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(Updates with confirmation from parties)
BRUSSELS, June 28 (Reuters) - The European Union and South American bloc Mercosur have agreed a draft free-trade treaty, the parties to the deal said on Friday, bringing to an end almost 20 years of negotiations.
The two blocs began negotiations in 2000, intensifying efforts to reach an accord after Donald Trump's presidential victory prompted the European Union to freeze talks with the United States and look for other global trading allies.
That push has seen it implement a free trade agreement with Canada and reach agreements with Japan and Mexico and now, after 39 rounds of talks, also a provisional deal with Mercosur, the grouping of Argentina, Brazil, Paraguay and Uruguay.
European Trade Commissioner Malmstrom said earlier this month that sealing a trade accord with Mercosur was her top priority.
The European Union is already Mercosur's biggest trade and investment partner and its second largest for trade in goods.
In terms of tariff reduction, it could be the EU's most lucrative trade deal to date, with the savings potentially four times greater than for deals with Canada and Japan combined.
Europe has its eyes on increasing access for its companies making industrial products, notably cars for which tariffs are 35%, and to allow them to compete for public tenders. Mercosur aims to increase exports of beef, sugar, poultry and other farm products.
Brazil said the agreement would eliminate import tariffs for several farm products, including orange juice, instant coffee and fruit and give greater access through quotas for meat, sugar and ethanol, boosting the economy and increasing investment in the country for the next 15 years.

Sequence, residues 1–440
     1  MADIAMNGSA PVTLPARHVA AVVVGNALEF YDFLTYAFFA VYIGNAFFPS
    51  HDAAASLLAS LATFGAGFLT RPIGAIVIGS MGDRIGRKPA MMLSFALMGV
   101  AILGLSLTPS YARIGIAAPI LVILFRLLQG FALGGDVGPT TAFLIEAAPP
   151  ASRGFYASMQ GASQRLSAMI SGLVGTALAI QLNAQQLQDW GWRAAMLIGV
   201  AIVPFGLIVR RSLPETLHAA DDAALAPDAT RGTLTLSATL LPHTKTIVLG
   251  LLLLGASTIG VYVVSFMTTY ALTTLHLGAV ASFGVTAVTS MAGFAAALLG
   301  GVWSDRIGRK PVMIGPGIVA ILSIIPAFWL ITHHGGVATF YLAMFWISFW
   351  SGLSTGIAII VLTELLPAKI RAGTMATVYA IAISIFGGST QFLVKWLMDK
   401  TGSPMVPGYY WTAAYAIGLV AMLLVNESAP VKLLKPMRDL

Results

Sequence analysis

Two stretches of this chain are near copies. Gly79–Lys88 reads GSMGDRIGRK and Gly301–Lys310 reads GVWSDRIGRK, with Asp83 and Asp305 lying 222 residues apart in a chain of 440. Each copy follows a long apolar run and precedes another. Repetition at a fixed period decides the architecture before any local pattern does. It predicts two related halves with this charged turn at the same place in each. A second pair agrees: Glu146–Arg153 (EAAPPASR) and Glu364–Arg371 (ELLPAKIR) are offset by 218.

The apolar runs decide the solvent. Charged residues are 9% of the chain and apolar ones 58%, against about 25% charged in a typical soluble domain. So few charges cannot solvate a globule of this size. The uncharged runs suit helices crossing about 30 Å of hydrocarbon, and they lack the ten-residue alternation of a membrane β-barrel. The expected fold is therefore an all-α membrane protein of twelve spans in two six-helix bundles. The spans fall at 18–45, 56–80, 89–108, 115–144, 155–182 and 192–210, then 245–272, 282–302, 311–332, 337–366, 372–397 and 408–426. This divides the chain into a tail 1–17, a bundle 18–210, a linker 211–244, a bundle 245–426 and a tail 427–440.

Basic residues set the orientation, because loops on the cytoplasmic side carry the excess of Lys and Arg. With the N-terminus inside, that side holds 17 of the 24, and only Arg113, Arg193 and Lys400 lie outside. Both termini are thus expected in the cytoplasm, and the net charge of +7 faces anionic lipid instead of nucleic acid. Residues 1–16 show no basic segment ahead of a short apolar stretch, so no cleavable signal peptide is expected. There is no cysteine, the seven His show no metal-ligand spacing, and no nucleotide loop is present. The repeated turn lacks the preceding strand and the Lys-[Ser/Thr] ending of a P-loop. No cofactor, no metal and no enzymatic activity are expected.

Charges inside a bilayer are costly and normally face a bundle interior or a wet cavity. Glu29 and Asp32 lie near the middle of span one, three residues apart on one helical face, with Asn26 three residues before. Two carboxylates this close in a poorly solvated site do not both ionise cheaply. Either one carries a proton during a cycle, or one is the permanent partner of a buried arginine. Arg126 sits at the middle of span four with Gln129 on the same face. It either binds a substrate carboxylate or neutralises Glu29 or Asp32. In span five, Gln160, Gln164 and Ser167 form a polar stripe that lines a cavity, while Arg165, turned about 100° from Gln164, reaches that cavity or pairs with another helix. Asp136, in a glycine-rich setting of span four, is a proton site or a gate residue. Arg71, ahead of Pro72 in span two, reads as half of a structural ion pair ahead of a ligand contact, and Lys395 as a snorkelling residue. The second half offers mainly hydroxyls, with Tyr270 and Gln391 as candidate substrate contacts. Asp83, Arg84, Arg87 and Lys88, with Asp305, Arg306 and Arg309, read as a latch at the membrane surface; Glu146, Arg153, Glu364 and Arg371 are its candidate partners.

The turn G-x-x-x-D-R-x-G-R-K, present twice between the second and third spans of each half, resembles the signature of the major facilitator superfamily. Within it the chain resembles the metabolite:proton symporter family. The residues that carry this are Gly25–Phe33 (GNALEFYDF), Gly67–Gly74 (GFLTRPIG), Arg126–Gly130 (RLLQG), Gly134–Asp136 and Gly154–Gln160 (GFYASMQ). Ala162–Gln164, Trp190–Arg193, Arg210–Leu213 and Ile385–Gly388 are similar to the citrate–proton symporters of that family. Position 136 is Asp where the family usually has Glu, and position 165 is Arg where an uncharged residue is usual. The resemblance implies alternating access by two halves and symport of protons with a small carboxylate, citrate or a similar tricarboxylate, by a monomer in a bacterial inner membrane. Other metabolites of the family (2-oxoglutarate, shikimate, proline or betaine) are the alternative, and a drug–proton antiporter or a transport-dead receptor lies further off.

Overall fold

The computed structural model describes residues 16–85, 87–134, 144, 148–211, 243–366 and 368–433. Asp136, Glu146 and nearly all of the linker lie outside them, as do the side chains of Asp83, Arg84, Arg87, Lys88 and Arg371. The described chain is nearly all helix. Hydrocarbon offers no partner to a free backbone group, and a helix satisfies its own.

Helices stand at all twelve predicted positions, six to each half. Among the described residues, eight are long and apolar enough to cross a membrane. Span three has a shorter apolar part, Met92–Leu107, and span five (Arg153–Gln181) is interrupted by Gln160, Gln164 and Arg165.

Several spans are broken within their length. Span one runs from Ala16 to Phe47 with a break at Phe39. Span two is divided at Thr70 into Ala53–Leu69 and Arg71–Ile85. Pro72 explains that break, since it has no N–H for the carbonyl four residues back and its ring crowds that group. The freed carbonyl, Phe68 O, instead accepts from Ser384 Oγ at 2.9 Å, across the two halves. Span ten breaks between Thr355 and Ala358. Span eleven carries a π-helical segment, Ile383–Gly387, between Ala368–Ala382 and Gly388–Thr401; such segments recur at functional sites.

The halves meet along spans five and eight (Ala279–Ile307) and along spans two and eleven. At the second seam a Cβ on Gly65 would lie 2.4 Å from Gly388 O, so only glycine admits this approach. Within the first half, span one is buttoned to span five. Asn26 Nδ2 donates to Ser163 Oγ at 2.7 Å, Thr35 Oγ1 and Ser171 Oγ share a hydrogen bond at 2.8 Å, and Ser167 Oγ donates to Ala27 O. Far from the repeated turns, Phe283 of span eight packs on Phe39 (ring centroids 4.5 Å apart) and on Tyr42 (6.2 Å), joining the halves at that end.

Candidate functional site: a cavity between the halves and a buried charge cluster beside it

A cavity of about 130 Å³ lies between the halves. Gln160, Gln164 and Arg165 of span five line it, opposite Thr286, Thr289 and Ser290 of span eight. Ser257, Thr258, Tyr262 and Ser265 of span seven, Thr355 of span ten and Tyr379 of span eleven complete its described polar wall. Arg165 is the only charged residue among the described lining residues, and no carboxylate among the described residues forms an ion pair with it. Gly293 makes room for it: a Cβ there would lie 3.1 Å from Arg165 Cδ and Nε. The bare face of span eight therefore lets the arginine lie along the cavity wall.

Brazil's President Jair Bolsonaro said on Twitter that the deal was historic and one of the most important trade agreements of all time.
To date, EU nerves about a surge of beef imports and Mercosur hesitation about opening up some industrial sectors, such as cars, have meant past deadlines have come and gone.
The agreement still faces a potentially difficult road to approval. France and other countries fear the impact of a sharp hike in beef imports, while environmental groups, whose influence is stronger in the new European Parliament, argue that the agreement could exacerbate deforestation.
EU countries and the European Parliament both need to give their backing for the agreement to enter force. (Additional reporting by Cassandra Garrison in Argentina, Marcelo Teixeira in Brazil; Writing by Philip Blenkinsop and Robin Emmott; Editing by Raissa Kasolowsky and Hugh Lawson)